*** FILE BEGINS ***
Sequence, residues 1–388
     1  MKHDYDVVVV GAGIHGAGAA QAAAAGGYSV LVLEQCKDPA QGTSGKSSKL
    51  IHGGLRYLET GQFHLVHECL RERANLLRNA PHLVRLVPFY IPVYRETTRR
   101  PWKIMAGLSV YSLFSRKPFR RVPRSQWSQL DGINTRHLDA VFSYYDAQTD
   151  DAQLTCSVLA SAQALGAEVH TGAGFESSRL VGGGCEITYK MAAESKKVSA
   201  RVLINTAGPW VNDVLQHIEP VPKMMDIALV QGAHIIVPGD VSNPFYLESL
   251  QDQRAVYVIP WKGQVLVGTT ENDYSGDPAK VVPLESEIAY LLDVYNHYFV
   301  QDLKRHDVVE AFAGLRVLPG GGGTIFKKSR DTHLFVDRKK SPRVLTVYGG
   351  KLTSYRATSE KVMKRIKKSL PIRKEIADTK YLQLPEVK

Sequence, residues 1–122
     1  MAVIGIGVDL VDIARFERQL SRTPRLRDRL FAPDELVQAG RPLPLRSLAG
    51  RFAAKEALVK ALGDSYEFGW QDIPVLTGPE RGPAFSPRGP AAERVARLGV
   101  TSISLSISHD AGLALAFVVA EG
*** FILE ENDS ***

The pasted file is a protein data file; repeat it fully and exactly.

Sequence, residues 1–388
     1  MKHDYDVVVV GAGIHGAGAA QAAAAGGYSV LVLEQCKDPA QGTSGKSSKL
    51  IHGGLRYLET GQFHLVHECL RERANLLRNA PHLVRLVPFY IPVYRETTRR
   101  PWKIMAGLSV YSLFSRKPFR RVPRSQWSQL DGINTRHLDA VFSYYDAQTD
   151  DAQLTCSVLA SAQALGAEVH TGAGFESSRL VGGGCEITYK MAAESKKVSA
   201  RVLINTAGPW VNDVLQHIEP VPKMMDIALV QGAHIIVPGD VSNPFYLESL
   251  QDQRAVYVIP WKGQVLVGTT ENDYSGDPAK VVPLESEIAY LLDVYNHYFV
   301  QDLKRHDVVE AFAGLRVLPG GGGTIFKKSR DTHLFVDRKK SPRVLTVYGG
   351  KLTSYRATSE KVMKRIKKSL PIRKEIADTK YLQLPEVK

Sequence, residues 1–122
     1  MAVIGIGVDL VDIARFERQL SRTPRLRDRL FAPDELVQAG RPLPLRSLAG
    51  RFAAKEALVK ALGDSYEFGW QDIPVLTGPE RGPAFSPRGP AAERVARLGV
   101  TSISLSISHD AGLALAFVVA EG